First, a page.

How to write a budget

Published by on 17 June 2010.
Last updated on 06 November 2014


Your budget needs to detail all your income, whether this is your salary or money from investments, and all your expenditure, from your mortgage or rent through to the smallest things like buying the Sunday papers.

Also take into account one-off costs that crop up throughout the year, such as your car's MOT, your summer holiday and Christmas. Divide these costs by 12 so they are included within your monthly budget.

Incomings vs outgoings

Once you've got together all your financial figures - for example, from your bank account - you'll be able to compare the two. Ideally, your incomings should be higher than your outgoings.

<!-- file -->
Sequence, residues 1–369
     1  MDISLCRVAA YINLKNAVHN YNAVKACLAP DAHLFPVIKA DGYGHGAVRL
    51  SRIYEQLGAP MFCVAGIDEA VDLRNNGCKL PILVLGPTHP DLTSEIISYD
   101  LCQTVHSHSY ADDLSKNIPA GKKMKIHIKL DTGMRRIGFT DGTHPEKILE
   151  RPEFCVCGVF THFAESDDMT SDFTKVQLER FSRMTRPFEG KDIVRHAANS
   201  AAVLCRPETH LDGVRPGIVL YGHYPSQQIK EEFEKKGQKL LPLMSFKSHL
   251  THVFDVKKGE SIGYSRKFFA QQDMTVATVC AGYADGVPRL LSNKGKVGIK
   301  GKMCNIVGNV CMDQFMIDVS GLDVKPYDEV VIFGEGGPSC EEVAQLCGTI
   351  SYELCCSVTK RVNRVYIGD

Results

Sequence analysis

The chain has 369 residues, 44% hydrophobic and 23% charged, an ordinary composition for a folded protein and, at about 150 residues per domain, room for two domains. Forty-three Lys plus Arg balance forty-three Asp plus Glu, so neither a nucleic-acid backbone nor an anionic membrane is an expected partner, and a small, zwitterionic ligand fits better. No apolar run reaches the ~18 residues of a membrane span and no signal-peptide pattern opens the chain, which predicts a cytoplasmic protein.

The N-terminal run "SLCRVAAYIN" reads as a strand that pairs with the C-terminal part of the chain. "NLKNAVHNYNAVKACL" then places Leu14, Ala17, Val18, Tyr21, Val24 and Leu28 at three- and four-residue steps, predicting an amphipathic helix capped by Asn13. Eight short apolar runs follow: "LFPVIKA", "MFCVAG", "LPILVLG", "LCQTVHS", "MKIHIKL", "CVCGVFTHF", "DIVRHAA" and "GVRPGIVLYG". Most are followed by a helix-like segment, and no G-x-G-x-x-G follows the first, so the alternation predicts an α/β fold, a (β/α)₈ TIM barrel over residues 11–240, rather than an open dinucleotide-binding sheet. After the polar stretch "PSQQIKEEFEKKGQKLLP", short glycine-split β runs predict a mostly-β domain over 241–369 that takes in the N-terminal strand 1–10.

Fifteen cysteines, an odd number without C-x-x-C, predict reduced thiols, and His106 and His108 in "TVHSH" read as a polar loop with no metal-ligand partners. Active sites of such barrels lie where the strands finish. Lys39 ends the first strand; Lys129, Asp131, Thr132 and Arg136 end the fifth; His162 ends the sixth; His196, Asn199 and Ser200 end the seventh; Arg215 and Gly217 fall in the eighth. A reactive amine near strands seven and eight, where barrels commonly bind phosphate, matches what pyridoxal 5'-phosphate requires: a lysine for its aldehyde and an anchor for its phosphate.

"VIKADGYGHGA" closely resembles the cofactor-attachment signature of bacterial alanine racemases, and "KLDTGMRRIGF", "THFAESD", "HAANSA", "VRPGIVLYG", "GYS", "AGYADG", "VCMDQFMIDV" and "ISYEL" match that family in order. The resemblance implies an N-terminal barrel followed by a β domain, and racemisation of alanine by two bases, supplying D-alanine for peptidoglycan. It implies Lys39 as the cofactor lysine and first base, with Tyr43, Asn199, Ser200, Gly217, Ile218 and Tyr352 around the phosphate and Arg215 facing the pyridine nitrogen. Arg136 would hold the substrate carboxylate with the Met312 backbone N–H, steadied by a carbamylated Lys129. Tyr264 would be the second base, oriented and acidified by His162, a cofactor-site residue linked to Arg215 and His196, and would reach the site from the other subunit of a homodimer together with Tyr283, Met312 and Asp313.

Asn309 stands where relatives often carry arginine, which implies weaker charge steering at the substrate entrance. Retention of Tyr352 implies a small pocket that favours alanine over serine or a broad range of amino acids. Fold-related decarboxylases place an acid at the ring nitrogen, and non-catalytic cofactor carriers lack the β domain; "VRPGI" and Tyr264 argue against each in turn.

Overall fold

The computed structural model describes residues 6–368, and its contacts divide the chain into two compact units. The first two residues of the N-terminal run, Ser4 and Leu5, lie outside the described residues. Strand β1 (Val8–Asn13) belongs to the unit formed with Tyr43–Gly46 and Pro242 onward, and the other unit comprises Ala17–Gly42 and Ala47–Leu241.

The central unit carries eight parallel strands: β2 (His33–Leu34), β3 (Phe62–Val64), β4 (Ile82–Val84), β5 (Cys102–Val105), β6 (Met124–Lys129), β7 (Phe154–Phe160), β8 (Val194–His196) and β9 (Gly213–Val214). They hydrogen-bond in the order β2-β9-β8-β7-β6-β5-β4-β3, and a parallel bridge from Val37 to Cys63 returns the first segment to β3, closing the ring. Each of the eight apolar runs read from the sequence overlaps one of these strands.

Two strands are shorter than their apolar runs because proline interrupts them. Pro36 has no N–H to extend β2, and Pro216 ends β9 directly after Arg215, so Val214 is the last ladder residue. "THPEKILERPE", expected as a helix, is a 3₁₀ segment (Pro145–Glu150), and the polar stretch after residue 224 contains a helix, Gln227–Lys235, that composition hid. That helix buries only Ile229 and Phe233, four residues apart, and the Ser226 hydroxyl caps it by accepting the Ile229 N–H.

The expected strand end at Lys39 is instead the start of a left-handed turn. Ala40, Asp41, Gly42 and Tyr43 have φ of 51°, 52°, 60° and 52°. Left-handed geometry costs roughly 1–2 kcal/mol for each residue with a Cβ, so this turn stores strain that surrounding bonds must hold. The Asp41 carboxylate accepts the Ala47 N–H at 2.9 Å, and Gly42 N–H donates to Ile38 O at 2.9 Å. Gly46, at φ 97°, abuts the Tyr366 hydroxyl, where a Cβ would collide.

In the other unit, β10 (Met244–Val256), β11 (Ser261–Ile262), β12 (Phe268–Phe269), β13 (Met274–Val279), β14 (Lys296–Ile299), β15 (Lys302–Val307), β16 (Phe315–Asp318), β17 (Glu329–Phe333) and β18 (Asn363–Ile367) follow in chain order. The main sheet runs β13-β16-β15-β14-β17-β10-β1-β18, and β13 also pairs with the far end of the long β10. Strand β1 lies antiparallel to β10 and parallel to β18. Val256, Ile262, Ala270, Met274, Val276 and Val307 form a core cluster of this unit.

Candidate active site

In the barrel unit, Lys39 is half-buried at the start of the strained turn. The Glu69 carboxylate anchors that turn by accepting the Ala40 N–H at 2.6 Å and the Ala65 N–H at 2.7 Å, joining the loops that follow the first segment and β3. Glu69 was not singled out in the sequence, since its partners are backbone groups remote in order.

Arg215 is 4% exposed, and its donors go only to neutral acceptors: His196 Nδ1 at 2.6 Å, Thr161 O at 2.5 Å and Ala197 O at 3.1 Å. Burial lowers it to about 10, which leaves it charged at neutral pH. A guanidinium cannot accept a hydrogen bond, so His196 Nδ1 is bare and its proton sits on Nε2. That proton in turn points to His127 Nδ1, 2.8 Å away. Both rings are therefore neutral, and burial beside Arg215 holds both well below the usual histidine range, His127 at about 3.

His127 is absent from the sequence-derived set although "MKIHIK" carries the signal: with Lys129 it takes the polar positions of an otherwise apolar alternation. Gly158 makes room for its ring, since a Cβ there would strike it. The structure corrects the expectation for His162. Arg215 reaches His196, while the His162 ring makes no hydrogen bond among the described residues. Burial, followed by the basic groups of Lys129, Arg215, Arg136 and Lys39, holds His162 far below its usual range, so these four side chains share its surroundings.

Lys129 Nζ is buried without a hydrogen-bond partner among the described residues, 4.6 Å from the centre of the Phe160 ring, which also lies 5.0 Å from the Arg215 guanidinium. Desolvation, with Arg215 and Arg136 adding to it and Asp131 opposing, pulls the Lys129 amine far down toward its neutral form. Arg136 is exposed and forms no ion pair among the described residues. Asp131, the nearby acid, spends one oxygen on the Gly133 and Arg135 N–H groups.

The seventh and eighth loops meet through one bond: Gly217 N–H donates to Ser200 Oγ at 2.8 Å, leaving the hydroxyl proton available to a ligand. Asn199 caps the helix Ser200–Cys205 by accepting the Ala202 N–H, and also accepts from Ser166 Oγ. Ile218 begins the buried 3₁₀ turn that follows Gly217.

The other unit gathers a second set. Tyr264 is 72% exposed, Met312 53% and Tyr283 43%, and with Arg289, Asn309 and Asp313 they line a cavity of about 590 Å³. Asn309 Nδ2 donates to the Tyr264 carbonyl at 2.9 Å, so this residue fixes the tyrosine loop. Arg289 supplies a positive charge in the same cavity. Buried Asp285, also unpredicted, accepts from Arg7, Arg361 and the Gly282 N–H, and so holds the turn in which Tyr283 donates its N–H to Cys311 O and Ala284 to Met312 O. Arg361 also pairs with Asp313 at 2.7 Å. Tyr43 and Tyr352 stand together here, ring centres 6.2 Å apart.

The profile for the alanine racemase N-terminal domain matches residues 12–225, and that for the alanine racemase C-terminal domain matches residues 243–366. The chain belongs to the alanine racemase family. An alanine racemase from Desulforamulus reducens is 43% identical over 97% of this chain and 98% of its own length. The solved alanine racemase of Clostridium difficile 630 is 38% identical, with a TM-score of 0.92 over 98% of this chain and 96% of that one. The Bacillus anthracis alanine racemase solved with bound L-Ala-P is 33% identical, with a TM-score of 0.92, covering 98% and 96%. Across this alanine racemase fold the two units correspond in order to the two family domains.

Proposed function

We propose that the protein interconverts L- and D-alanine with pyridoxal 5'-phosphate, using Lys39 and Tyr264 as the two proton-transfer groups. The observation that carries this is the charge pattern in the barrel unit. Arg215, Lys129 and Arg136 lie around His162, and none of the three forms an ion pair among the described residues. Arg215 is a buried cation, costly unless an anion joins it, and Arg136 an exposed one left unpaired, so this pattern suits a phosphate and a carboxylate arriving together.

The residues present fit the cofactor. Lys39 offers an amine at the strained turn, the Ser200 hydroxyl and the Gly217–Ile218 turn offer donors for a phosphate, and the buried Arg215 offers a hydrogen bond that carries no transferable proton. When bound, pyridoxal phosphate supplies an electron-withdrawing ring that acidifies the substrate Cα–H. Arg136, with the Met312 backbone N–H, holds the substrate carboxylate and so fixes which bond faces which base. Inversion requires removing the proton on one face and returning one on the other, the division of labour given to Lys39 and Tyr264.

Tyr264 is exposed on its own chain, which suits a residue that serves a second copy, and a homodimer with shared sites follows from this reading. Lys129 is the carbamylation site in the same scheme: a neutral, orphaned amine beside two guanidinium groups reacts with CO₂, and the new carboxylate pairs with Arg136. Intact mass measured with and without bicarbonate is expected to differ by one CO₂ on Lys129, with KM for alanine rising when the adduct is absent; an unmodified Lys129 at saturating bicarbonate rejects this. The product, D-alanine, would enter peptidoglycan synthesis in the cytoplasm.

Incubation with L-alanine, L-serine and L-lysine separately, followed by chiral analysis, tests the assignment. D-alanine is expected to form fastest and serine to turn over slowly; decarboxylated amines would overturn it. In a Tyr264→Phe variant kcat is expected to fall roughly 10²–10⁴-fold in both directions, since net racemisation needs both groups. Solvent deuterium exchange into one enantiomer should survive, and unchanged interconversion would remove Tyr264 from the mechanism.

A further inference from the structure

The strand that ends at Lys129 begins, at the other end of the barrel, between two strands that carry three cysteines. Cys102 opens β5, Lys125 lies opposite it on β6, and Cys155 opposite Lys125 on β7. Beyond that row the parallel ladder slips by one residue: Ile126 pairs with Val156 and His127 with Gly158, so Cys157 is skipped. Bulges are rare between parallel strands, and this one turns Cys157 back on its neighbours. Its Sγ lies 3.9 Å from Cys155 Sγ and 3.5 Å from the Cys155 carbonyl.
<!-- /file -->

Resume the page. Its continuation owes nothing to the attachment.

If you spend more than you receive, don't despair. By writing everything down, it's much easier to identify where there's room for manoeuvre.

For instance, could you lose the gym membership you rarely use? Are you paying too much for your utilities, mobile phone or insurance? Or do you have an eating-out habit that needs to go on a strict diet?

Don't look to balance the books perfectly either. You'll need to have some spare cash, in case of emergencies. You could also use the money you save to kickstart your savings habit.

Even if you only trim your outgoings by £60 a month, by the end of the year you'll have saved £720, which, if put in a cash individual savings account paying 3%, would be worth around £730. Not bad for money you used to spend on less exciting things.

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